Driving Business Velocity

 
 
By Darryl K. Taft  |  Posted 2010-07-22 Email Print this article Print
 
 
 
 
 
 
 




Q: Can you describe the hallmarks of a flexible system and how that fits into the future of systems? More specifically, can you cite how clients can realistically make this happen without breaking the bank? And how can clients do that when every vendor is promoting migration to their specific systems?  

A: Organizations and vendors must endorse flexibility to drive business velocity. We should consider flexibility in process, attitude and systems architecture. By creating flexible mechanisms we can quickly increase our clients' business velocity. At its core, flexibility is a point of view for how clients can consume and manage IT.  

Currently, the industry is characterized by forced choices and limited client perspective. Standardization and consolidation are strategies that ultimately create rigidity in client environments, leading a limited field of options for both a client and a vendor. If we focus on creating standards -- under the hallmarks of flexibility -- we can then impart smart longterm planning, by avoiding choices that slow business velocity.  

Flexibility is a core strategic competence for any organization concerned with short- and long-term business velocity. Clients who create a systems agenda that maps to evolutionary business development goals are more apt to drive greater benefits from their IT system.

This is most relevant now because our clients are consistently looking for more ways to drive stronger efficiencies at every level of the technology stack.

Q: So how is IBM's proposal any different from the rest of the industry? What role does system software play in the future of data centers?

A: Smarter systems are created by combining technology with efficient systems management that leverages virtualization and automation. Then can our clients obtain greater visibility and control of the entire infrastructure. This is the purpose of IBM Systems Software and its suite of integrated solutions: By centralizing, streamlining and automating system-level management tasks across server, storage and networks, IBM offers systems software solutions to help reduce cost and risk while improving service delivery, in a way that is not possible with conventional approaches to IT management.

IBM Systems Software is fully integrated into the IBM technology portfolio, allowing more effective use of the advanced features in IBM hardware and a rich set of operating system environments. It allows clients to gain greater business value from IT, through the creation of a more capable infrastructure-one that can meet both business challenges and critical IT needs, like platform and energy management, virtualization and availability.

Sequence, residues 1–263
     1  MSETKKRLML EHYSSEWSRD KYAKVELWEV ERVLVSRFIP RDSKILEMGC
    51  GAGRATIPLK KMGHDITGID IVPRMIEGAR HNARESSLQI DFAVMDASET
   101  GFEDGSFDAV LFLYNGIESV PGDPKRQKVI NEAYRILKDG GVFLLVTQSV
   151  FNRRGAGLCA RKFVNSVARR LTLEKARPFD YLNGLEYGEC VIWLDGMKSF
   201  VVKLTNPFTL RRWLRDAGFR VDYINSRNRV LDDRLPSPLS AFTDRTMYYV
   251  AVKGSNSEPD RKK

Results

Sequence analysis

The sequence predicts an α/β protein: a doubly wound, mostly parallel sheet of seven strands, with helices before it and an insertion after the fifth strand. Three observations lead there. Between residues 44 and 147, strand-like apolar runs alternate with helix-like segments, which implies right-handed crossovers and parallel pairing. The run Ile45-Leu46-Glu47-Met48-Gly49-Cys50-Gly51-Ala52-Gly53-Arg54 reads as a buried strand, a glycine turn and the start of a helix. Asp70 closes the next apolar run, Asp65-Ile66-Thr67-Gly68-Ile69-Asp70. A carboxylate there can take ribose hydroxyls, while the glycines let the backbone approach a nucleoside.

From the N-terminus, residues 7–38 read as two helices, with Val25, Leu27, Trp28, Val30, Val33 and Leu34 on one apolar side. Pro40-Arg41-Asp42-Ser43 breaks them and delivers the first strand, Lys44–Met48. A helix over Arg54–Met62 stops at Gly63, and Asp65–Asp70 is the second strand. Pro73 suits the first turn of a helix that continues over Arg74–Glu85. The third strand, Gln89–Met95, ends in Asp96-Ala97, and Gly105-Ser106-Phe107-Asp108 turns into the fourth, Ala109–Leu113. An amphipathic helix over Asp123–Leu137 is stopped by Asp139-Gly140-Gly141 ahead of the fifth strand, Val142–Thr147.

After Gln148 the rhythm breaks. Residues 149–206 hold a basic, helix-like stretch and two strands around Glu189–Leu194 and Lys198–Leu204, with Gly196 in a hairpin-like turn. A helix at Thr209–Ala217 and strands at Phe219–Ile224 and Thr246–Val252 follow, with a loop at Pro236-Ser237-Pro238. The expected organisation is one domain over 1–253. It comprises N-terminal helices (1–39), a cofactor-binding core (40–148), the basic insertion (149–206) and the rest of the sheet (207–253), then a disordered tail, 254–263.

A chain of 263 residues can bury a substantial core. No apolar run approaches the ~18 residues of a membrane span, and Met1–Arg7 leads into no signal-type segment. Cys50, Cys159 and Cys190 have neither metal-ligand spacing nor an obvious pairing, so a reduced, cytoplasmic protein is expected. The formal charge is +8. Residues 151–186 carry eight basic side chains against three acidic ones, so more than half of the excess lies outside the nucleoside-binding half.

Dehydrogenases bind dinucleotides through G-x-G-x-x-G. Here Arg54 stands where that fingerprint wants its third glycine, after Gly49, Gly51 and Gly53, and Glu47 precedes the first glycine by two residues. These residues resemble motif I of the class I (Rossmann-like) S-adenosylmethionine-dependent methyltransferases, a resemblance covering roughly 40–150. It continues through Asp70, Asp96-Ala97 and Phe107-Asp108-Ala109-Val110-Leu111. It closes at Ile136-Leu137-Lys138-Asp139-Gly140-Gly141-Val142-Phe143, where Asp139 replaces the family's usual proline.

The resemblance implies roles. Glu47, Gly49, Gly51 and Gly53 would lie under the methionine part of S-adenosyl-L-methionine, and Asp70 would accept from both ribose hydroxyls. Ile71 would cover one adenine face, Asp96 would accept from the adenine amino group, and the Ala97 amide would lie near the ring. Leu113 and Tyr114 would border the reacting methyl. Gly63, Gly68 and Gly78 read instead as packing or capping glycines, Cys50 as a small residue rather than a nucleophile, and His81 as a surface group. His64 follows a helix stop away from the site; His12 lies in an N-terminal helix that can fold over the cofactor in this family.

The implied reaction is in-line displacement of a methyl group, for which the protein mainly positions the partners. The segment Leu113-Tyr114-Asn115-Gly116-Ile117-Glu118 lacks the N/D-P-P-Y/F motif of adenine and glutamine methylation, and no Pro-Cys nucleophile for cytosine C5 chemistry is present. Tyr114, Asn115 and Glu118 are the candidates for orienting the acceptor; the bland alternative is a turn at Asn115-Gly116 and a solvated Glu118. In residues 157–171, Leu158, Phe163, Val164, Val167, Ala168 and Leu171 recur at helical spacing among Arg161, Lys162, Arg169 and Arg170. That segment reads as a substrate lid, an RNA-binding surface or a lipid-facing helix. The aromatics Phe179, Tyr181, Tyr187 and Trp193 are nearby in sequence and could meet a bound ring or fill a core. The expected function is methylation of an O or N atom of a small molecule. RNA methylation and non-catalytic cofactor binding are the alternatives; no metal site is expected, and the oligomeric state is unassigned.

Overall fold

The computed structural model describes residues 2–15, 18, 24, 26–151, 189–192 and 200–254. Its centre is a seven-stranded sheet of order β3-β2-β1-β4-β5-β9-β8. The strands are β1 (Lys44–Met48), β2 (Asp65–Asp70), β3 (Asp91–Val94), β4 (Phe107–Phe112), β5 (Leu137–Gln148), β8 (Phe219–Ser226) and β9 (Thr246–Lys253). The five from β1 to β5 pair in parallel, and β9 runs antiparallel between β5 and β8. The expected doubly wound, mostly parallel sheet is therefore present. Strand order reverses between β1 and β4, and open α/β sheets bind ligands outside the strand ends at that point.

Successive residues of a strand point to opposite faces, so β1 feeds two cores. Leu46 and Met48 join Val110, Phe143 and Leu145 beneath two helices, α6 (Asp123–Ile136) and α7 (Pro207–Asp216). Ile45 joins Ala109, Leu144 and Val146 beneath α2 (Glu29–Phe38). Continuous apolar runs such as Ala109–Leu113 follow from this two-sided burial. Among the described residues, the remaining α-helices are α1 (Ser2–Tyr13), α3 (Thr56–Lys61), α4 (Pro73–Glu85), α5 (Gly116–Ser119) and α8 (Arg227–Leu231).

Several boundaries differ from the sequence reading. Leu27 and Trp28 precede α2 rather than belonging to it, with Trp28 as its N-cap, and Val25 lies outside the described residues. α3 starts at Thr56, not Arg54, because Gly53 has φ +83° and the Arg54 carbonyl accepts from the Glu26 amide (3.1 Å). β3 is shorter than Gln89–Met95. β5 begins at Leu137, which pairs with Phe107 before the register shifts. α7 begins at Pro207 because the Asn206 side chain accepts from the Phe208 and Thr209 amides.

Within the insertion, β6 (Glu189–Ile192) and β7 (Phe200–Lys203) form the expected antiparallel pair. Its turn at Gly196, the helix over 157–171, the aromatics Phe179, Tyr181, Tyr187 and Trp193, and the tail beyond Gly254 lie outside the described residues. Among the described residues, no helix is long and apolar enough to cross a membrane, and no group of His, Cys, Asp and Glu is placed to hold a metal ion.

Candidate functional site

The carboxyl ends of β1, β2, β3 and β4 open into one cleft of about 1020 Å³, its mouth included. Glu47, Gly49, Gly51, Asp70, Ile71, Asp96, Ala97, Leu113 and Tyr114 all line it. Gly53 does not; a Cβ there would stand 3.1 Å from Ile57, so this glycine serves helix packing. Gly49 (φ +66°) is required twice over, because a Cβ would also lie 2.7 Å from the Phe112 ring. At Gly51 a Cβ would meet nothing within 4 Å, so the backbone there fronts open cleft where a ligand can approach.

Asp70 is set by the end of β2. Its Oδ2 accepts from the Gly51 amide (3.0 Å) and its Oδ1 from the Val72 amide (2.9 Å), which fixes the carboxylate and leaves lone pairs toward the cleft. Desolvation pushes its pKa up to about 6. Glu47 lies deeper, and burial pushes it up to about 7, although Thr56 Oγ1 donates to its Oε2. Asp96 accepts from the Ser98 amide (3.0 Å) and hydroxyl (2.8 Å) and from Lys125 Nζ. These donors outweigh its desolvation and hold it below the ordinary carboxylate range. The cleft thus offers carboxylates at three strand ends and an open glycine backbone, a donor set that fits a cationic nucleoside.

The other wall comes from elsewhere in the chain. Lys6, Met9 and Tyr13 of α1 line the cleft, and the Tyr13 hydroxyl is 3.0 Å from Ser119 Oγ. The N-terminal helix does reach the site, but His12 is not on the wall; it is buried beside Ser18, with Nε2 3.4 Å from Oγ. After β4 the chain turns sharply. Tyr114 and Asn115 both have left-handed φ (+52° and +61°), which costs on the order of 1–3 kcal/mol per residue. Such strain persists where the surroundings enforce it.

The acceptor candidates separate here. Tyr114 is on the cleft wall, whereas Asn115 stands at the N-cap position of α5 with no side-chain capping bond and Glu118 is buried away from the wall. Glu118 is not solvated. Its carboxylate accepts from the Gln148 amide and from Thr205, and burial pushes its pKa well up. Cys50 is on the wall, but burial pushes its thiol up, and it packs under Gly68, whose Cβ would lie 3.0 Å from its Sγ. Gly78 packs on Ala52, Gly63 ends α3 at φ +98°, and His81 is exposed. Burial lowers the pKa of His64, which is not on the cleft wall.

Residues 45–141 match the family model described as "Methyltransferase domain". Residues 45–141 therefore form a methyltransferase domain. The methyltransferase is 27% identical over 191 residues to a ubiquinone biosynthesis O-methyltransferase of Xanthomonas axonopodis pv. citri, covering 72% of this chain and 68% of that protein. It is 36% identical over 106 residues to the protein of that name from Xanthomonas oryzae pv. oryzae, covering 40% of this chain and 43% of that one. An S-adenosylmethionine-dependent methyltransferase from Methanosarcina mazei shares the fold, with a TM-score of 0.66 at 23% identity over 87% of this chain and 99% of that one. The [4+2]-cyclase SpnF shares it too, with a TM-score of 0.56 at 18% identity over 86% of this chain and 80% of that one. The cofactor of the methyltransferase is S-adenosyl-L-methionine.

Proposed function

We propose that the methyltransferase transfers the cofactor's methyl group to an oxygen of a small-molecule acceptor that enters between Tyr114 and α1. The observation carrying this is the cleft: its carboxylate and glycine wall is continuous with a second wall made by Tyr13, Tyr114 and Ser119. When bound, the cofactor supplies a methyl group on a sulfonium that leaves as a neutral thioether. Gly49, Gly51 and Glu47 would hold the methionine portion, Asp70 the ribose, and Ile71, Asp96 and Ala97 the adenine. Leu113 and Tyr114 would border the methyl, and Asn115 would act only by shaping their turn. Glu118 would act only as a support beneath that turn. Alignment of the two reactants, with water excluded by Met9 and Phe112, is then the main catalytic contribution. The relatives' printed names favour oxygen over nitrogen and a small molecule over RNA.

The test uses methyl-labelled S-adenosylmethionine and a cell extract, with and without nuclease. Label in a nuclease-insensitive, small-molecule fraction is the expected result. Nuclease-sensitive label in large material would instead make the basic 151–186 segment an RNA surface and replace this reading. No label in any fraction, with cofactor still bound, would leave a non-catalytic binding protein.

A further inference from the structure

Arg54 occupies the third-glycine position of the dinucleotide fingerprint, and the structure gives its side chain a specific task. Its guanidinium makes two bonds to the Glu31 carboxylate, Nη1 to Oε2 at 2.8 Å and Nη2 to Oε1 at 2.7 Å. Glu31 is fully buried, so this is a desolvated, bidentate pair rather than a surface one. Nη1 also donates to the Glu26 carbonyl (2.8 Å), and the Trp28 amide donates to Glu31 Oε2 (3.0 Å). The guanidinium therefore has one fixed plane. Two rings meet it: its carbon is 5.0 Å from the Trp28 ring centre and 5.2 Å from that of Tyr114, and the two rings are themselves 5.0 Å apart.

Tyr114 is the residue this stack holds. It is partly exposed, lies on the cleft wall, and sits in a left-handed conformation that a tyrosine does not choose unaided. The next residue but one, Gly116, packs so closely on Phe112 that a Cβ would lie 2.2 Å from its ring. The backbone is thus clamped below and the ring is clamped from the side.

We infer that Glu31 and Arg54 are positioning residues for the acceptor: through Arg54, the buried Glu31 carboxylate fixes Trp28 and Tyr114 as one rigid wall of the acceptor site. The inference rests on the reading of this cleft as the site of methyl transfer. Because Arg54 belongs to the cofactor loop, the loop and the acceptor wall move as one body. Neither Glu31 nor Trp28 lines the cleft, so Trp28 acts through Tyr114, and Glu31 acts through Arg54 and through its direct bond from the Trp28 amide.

It will take IBM competitors decades before they can match the innovation and development IBM has put into its products.  

Q: Can you provide an example of an IBM customer with a flexible data center?

A: The University of Pittsburgh Medical Center, an integrated global health enterprise, sought to lower the cost and complexity of its IT infrastructure to enable the continued investment in next-generation clinical systems. UPMC wanted to lay the foundation for the best possible patient care. Now in the middle of an eight-year strategic partnership with IBM, UPMC is transforming its systems through consolidation, standardization and virtualization -- a key building block of a smarter, more flexible infrastructure.

The initiative has already resulted in the reduction of hundreds of servers across the UPMC network, a more than 220 percent increase in processing capacity without an increase in support staff, significant reduction in IT infrastructure floor space requirements, and faster integration of acquired health-care operations.

By transforming its IT infrastructure through consolidation and virtualization, UPMC is improving the delivery of health care, while reducing operating costs. Changing the link between processing and resource needs has enabled UPMC to combine an ambitious clinical agenda with both a lower rate of IT investment growth and improved reliability.

 



 
 
 
 
Darryl K. Taft covers the development tools and developer-related issues beat from his office in Baltimore. He has more than 10 years of experience in the business and is always looking for the next scoop. Taft is a member of the Association for Computing Machinery (ACM) and was named 'one of the most active middleware reporters in the world' by The Middleware Co. He also has his own card in the 'Who's Who in Enterprise Java' deck.
 
 
 
 
 
 
 

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